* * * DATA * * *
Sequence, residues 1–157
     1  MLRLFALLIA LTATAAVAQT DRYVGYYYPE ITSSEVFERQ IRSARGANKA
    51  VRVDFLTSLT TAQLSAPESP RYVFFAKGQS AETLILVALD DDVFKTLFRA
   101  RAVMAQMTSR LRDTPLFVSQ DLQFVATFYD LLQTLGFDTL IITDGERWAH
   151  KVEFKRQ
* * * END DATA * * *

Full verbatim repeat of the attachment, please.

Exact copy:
Sequence, residues 1–157
     1  MLRLFALLIA LTATAAVAQT DRYVGYYYPE ITSSEVFERQ IRSARGANKA
    51  VRVDFLTSLT TAQLSAPESP RYVFFAKGQS AETLILVALD DDVFKTLFRA
   101  RAVMAQMTSR LRDTPLFVSQ DLQFVATFYD LLQTLGFDTL IITDGERWAH
   151  KVEFKRQ